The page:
Children and adult football fans, including Mutare municipal workers, could be seen running all over with empty bins, brooms and plates hollowing out water from the pitch on that chilly afternoon.
Elsewhere on the pitch, two small boys had 10 and 5kg packets of roller meal which was used to mark demarcation lines on the pitch moments before the game.
The Zifa grounds committee, led by Premier Soccer League chairman Twine Phiri, had just visited Mutare where they had inspected the venue and given thumps up to the playing field.
Among other renovations, the perimetre fence has been improved while according to the PSL report, the bumpy and uneven pitch was levelled.
Despite the compacting and rolling that has been done, the drainage system remains a thorny issue.
PSL chief executive officer Kenny Ndebele admitted they have challenges on drainage systems at match venues.
“We have a big problem when it comes to drainage systems at a number of stadia in this country. Major stadia like Barbourfields and the National Sports Stadium also have poor drainage. The inspection in Mutare was not for water or drainage systems. That is why we play our matches in a rain-free season. The grounds committee approved the venue because the responsible authorities had done some of the recommended renovations such as rolling, dressing rooms and the perimetre fence. They also measured goal posts, perimeter and other aspects that make it eligible to host PSL matches,” Ndebele said.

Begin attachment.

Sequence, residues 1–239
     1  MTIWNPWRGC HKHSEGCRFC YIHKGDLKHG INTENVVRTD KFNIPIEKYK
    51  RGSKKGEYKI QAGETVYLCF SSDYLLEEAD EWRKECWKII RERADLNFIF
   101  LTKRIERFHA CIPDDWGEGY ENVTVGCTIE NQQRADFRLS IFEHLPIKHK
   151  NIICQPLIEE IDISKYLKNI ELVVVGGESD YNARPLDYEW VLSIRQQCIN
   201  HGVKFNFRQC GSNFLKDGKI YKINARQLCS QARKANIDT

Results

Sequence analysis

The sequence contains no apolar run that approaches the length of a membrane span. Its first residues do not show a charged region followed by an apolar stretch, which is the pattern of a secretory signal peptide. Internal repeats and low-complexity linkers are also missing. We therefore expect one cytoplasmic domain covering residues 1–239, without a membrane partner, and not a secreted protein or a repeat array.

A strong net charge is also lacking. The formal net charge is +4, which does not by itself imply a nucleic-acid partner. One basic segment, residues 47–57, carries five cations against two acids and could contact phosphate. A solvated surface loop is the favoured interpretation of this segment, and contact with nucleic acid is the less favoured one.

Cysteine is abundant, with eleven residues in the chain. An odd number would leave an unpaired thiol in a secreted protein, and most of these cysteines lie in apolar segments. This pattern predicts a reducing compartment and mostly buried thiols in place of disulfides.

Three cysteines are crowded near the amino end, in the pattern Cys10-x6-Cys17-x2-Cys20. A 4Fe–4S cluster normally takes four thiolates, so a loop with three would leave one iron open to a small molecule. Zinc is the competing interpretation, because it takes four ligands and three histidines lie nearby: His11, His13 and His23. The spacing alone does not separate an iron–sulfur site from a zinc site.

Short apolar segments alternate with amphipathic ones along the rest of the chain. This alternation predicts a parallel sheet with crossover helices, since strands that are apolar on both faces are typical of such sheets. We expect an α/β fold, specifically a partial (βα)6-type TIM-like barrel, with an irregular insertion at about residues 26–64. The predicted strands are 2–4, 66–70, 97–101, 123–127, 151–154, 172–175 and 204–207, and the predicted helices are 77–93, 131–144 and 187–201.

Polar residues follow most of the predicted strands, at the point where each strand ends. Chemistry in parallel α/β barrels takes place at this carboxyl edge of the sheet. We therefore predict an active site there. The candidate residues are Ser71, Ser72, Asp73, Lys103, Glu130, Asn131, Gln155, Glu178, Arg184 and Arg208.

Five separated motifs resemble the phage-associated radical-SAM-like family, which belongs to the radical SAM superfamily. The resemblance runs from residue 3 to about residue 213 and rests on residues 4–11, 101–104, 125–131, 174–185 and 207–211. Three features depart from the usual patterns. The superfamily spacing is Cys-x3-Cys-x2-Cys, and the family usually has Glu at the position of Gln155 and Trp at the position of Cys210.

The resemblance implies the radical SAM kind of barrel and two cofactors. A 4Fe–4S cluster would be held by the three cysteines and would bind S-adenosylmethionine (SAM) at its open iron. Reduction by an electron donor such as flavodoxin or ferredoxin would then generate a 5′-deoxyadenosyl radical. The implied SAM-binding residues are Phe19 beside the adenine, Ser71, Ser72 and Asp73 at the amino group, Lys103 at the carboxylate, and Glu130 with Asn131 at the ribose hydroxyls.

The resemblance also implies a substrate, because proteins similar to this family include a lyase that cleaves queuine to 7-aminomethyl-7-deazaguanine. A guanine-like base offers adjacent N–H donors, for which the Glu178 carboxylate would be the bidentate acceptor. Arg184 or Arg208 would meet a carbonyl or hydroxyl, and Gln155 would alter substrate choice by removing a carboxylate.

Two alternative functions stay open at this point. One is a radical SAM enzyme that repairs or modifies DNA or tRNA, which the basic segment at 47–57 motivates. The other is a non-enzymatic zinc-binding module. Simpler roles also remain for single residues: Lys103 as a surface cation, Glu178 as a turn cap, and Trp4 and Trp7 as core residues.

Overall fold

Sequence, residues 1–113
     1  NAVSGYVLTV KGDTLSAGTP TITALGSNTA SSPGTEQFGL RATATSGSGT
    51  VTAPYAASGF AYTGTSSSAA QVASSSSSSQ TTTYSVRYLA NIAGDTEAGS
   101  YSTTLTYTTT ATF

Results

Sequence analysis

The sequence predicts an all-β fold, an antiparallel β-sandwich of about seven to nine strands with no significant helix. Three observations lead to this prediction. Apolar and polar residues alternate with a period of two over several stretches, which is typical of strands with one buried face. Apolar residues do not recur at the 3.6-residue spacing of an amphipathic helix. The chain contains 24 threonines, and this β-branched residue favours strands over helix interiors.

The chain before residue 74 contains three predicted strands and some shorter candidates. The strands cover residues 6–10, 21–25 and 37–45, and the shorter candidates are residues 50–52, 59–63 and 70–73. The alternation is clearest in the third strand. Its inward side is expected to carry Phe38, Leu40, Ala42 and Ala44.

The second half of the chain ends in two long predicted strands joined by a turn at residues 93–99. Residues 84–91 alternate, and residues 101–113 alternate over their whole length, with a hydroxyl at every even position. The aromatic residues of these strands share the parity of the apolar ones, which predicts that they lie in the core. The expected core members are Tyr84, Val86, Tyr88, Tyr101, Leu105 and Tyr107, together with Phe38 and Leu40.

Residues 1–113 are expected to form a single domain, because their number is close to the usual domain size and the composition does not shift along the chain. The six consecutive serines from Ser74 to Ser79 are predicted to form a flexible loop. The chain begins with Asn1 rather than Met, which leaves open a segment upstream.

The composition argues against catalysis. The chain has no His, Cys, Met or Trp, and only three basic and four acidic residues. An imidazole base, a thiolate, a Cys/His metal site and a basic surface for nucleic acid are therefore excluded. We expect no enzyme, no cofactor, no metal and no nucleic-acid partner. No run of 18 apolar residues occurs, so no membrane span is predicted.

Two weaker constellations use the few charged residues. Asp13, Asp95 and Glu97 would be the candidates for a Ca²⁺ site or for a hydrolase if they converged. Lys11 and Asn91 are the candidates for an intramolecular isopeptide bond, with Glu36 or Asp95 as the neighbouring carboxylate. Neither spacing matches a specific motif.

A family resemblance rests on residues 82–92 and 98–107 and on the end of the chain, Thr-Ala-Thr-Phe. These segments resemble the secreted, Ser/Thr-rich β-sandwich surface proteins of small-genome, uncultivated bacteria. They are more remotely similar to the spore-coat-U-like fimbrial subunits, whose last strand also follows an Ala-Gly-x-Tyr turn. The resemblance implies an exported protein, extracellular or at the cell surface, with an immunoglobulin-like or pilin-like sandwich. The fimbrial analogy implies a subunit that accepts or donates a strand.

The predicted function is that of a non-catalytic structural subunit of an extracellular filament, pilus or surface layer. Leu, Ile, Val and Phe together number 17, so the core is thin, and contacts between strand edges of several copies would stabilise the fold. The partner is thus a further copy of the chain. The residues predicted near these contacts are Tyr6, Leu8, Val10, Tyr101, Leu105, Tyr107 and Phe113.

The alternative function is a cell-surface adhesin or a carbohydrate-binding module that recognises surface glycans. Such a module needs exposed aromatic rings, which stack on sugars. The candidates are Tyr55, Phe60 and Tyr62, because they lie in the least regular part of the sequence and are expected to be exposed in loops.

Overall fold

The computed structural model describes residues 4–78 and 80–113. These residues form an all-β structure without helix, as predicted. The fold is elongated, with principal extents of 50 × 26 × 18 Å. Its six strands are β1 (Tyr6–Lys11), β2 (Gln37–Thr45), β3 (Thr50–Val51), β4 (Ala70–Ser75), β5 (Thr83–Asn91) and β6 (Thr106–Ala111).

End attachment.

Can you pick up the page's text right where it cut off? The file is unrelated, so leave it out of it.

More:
Ndebele added that PSL has a long-term plan for drainage issues.
Last year Motor Action faced similar problems when they played Zimbabwe Saints in the Mbada Diamonds Cup preliminary round at the same venue.
Other recommendations that were made by the grounds committee, which the venue is still to undergo, are that the connections for watering the turf on the northern side along the touchline be covered as it poses a danger to players.
Six small gates have to be erected around the pitch perimetre fence for crowd control during disturbances.
Drainage vents around the track must be covered as they also pose a danger to players and officials.
There are some missing tiles in dressing rooms which are supposed to be fitted together with ensuring a supply of running water in dressing rooms.
Mutare City Council deputy director of Housing and Community Services, Author Chinaka believes the council has done enough in sprucing up the image of the stadium.
“We have done our best at Sakubva but the venue is prone to abuse by musical outfits and other activities which destroy the turf,” he said.